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MUSEUM

Three arrested after ‘biggest art heist in modern history’ in Dresden

German police on Tuesday arrested three suspects over a spectacular heist a year ago in which more than a dozen diamond-encrusted items were snatched from a state museum in Dresden.

Three arrested after 'biggest art heist in modern history' in Dresden
Archive photo shows visitors inside the Green Vault. Photo: DPA

Investigators were also raiding 18 properties in Berlin, including 10 apartments as well as garages and vehicles, police and prosecutors said in a statement.

“The measures today are focused on the search for the stolen art treasures and possible evidence, such as data storage media, clothing and tools,” they said.

In what local media have described as the biggest art heist in modern history, the robbers had launched their brazen raid on Green Vault museum in Dresden's Royal Palace on November 25th, 2019.

READ ALSO: 'Up to a billion euros' of jewels and antiques stolen from Dresden museum

Having initiated a partial power cut and broken in through a window, they snatched priceless 18th-century jewellery from the collection of the Saxon ruler August the Strong.

Items stolen included a sword whose hilt is encrusted with nine large and 770 smaller diamonds, and a shoulderpiece which contains the famous 49-carat Dresden white diamond, Dresden's Royal Palace had said.

Dramatic CCTV footage released at that time showed one of the robbers breaking into a display case with an axe.

Police hunting for the suspects had launched several appeals, offering up to half a million euros in reward for information leading to their arrests.

On Monday, around 1,600 officers were deployed in the raids and arrests, with special reinforcements called in from across the country to help.

Police did not identify the three arrested, but said they are German citizens.

All three are accused of “serious gang robbery and two counts of arson,” said Dresden prosecutors.

100-kg gold coin

Germany has been hit by several high-profile heists, with banks and museums frequent targets.

A Berlin court sentenced three men to multi-year jail sentences in February for the theft of a 100-kilogram gold coin from one of the German capital's museums.

Police have found no trace of the Canadian coin since the late-night heist in March 2017 from the Bode Museum, located close to Chancellor Angela Merkel's Berlin apartment.

READ ALSO: €1 million gold coin stolen from iconic Bode Museum

The “Big Maple Leaf”, one of five minted in 2007, is considered the world's second largest gold coin after the one-tonne Australian Kangaroo issued in 2012.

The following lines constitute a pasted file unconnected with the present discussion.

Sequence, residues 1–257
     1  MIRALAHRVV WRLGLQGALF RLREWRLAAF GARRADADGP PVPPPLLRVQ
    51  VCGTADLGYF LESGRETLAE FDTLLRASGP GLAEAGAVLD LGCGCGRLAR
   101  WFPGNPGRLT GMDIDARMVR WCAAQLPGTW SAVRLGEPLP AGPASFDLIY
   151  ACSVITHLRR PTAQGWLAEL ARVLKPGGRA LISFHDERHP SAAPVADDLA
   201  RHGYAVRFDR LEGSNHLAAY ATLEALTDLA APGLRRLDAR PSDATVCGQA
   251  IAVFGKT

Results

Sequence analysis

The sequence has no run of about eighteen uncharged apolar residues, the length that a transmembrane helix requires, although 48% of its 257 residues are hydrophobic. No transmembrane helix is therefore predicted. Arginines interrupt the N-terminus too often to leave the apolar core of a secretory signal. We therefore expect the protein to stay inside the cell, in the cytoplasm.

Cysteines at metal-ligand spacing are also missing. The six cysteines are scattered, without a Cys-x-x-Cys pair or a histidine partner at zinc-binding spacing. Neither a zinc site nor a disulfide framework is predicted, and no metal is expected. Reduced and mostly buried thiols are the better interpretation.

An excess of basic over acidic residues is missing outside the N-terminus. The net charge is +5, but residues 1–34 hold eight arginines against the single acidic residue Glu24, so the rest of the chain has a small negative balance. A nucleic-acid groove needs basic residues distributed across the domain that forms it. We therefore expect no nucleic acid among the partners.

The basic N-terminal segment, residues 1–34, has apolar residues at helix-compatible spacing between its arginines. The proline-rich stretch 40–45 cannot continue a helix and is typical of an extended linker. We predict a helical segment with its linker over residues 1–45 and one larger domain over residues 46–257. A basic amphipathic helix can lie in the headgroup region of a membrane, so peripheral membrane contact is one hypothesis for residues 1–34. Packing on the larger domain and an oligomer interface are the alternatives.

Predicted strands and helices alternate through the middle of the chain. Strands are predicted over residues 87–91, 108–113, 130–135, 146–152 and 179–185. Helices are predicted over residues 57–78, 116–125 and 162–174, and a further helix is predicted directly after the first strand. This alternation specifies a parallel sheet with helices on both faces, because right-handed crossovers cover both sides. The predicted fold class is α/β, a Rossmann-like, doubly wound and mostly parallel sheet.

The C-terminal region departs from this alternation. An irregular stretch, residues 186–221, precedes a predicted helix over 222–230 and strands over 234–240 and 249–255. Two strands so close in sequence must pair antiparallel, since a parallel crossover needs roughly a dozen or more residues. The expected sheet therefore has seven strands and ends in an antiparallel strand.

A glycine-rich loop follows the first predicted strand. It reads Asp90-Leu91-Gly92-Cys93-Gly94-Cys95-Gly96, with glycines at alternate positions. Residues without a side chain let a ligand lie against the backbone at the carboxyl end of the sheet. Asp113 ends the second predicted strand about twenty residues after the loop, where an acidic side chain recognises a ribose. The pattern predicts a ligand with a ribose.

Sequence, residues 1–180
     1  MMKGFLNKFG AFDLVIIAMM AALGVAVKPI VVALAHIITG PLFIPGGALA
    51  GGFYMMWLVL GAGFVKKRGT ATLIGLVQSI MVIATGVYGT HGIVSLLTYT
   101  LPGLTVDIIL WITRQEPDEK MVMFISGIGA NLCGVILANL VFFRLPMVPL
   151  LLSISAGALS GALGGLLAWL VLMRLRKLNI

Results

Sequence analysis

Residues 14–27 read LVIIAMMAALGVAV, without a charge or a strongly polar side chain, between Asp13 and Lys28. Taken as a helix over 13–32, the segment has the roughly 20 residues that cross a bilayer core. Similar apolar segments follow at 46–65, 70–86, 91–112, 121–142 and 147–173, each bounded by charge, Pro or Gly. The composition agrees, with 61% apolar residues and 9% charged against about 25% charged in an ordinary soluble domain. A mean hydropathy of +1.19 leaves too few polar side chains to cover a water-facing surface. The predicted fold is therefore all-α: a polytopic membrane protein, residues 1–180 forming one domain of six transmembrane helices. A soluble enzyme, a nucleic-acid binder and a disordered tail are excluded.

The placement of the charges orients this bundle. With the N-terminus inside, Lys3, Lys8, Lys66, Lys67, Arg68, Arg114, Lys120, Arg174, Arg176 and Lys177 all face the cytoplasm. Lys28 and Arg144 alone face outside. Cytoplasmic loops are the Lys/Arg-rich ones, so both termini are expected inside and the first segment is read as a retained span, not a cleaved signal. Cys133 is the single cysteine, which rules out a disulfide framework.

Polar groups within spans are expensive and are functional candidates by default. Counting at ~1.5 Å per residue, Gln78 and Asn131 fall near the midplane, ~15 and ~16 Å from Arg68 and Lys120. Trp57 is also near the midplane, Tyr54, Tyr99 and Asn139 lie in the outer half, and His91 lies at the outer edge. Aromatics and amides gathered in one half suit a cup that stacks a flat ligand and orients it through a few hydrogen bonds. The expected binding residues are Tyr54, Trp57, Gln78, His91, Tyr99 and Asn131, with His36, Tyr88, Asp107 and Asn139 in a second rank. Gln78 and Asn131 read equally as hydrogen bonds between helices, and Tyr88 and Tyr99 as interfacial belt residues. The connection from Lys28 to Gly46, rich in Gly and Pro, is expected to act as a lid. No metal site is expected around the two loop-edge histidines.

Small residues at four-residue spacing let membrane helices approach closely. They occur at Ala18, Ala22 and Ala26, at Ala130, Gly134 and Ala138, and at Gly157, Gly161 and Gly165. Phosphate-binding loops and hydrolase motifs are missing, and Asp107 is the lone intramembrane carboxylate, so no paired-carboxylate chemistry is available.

Robbers also hit a German customs office early November, making off with €6.5 million in cash.

Police have offered €100,000 in reward for information leading to the arrest and/or conviction of the suspects.

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ART

Paul Gauguin’s ‘Mata Mua’ returns to Spain

One of French painter Paul Gauguin's most famous paintings, "Mata Mua", will return to a Madrid museum on Monday following an agreement between the Spanish government and its owner, who took it out of the country.

mata mua madrid
Toward the end of his life, Gauguin spent ten years in French Polynesia, where he completed some of his most famous artwork Painting: Paul Gaugin

The artwork had been on display for two decades at Madrid’s Thyssen-Bornemisza museum but in 2020 when the institution closed because of the pandemic, the painting’s owner Carmen Thyssen moved it to Andorra where she currently lives.

Her decision to take “Mata Mua” to the microstate sandwiched between Spain and France raised fears she would remove other works from her collection which are on display at the museum.

“It is expected that the painting will arrive today,” a spokeswoman for the museum told AFP.

mata-mua_gauguin-madrid

In 1989, Baron Thyssen-Bornemisza bought Mata Mua at the Sotheby’s auction in New York. Painting: Paul Gauguin

The artwork will go back on display to the public “a few days after” Thyssen signs a new agreement with the Spanish state for the lease of her collection, she added. The deal is expected to be signed on Wednesday.

Painted in 1892 in vivid, flat colours, “Mata Mua” depicts two women, one playing the flute and the other listening, set against a lush Tahitian landscape.

It is one of the stars of Thyssen’s collection of several hundred paintings which are on show at the museum, including works by Pablo Picasso, Henri Matisse and Claude Monet.

Her collection had initially been displayed at the Madrid museum as part of a free loan agreement signed in February 2002 that was subsequently extended.

But in August 2021 Spain’s culture ministry announced it had reached an agreement with Thyssen to rent the collection from her for 15 years for €97.5 million ($111.5 million), with “preferential acquisition rights on all or part” of the works. The collection includes a Degas, a Hopper and a Monet.

Aside from housing her collection of works, the museum displays the collection of her late husband, Hans Heinrich Thyssen-Bornemisza, the Swiss heir to a powerful industrial lineage who died in Spain in 2002.

The Spanish state bought his collection in 1993 from $350 million, according to the museum.

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